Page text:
South African media on Friday defied government threats and published pictures of South African President Jacob Zuma’s private home, which was controversially revamped using US$20 million of taxpayers’ money.
South African State Security Minister Siyabonga Cwele had on Thursday warned the media to stop publishing images or footage of Zuma’s rural home, arguing that doing so was in violation of security laws.
“No one, including those in the media, is allowed to take images and publicize images, even pointing where the possible security features are,” he said.
“It is not done anywhere. We have not seen the images of the White House showing where the security features are. It is not done in any democracy,” Cwele said.
However, newspapers ignored the warning and on Friday splashed on their front pages pictures of Zuma’s lavishly refurbished homestead, photographs that have previously run in the media with no government repercussions.
The Times had on its front page an aerial picture of the thatched-roof compound under the headline: “So, arrest us.”
The Star also had a picture of the homestead, but with a red “X” imposed across it and a caption reading: “Look away! What ministers don’t want you to see.”
The editors’ association said it was “disappointed and shocked” at Thursday’s order.
It vowed to continue publishing the pictures “not with the intention to endanger the life of anyone, but to continue our role as watchdogs of public expenditure,” the South African National Editors’ Forum’s Adriaan Basson said.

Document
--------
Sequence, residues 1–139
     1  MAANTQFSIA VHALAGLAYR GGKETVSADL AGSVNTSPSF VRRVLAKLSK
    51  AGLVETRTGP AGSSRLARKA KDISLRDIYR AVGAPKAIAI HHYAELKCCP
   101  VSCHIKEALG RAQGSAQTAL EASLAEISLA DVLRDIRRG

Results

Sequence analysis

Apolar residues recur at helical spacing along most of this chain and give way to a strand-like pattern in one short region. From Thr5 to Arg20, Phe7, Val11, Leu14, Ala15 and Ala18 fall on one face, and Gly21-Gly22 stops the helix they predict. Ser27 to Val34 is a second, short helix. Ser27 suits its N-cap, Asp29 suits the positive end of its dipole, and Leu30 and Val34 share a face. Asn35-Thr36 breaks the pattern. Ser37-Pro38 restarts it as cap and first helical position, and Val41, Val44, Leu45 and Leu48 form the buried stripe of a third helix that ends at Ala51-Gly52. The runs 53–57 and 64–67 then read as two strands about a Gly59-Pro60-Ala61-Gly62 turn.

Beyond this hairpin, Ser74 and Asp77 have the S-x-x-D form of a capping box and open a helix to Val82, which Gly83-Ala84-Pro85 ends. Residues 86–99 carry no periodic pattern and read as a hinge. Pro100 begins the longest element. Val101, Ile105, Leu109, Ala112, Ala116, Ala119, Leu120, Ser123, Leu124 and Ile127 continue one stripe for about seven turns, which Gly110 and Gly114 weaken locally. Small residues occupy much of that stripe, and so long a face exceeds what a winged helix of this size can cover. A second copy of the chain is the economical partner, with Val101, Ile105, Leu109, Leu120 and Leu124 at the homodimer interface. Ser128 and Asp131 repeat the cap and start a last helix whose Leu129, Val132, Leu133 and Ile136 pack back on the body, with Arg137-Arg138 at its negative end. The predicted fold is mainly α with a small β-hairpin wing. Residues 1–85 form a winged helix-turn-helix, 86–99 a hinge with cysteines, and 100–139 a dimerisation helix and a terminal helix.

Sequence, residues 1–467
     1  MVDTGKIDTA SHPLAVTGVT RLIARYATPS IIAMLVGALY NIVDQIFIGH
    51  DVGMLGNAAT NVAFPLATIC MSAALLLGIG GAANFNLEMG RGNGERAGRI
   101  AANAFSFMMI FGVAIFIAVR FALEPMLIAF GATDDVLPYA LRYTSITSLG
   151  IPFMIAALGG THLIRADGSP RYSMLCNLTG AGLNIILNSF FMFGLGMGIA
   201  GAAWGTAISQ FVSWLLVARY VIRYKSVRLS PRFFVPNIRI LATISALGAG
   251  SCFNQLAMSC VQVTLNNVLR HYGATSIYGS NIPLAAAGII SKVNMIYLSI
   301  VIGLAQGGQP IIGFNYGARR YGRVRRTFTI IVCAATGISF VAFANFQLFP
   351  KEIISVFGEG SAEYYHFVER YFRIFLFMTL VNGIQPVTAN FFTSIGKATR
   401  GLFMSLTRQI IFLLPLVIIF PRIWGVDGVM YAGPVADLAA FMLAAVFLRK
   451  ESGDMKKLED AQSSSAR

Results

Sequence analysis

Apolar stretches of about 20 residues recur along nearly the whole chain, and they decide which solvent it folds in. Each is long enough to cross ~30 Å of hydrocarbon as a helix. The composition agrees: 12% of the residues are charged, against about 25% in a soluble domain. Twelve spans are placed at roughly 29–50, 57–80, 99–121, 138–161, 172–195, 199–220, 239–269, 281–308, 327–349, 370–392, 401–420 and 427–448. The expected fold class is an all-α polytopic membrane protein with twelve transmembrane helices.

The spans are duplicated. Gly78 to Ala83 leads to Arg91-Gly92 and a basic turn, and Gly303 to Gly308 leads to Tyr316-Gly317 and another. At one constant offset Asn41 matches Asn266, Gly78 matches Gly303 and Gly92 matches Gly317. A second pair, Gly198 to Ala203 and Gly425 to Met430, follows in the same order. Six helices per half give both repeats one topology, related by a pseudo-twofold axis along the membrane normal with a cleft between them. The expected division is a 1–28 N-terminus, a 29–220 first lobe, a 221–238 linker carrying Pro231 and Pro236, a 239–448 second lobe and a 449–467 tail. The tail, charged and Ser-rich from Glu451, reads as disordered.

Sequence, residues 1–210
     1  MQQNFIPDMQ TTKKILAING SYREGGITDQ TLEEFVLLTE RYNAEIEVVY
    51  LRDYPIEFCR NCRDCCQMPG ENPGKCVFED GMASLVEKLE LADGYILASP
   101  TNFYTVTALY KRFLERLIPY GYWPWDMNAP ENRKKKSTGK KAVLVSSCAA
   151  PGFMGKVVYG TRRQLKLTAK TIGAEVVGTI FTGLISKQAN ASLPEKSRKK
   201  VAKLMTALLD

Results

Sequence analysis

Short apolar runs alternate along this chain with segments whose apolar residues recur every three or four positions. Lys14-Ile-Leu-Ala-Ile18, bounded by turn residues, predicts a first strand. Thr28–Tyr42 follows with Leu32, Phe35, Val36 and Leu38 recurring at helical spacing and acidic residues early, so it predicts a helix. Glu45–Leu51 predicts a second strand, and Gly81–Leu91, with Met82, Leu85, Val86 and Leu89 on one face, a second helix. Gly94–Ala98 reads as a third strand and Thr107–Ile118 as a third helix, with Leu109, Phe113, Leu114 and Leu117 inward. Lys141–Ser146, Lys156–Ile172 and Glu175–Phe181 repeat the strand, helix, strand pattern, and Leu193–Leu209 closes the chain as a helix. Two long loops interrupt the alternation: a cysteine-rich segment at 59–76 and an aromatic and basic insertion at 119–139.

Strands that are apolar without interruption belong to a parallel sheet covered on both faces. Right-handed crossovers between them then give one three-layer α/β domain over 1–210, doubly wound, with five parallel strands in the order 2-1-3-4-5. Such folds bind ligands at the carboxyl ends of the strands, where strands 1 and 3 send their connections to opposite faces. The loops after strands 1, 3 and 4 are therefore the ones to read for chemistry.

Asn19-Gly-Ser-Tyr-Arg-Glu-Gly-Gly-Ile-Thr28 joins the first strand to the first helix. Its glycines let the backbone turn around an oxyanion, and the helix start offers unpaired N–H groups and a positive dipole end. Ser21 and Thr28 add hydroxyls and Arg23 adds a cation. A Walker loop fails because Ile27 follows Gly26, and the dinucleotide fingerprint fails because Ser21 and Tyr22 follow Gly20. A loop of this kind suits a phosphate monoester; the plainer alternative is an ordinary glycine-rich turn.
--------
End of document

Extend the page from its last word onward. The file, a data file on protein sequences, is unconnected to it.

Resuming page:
“We believe it is of immense public interest to keep on reporting this grotesque public expenditure of over 200 million rand [US$20 million] on the private residence of a sitting president,” Basson told reporters.
The government on Friday issued a statement saying the minister’s remarks had been “misconstrued.”
“Government has no problem with the media publishing pictures” of Zuma’s residence, spokeswoman Phumla Williams said.
“However, zooming into safety and security features” of the property is problematic “as it compromises national security.”
Such action “directly opens access to and can obviously pose a threat and risk to the personal safety of the head of state,” she added.
The government’s decision to revamp Zuma’s private property sparked public anger during an economic crunch in a country where 10 million people live on social grants.
Many South Africans have only tin shacks for their homes.
The splurge in the verdant hills of Zuma’s political stronghold was first publicized late last year.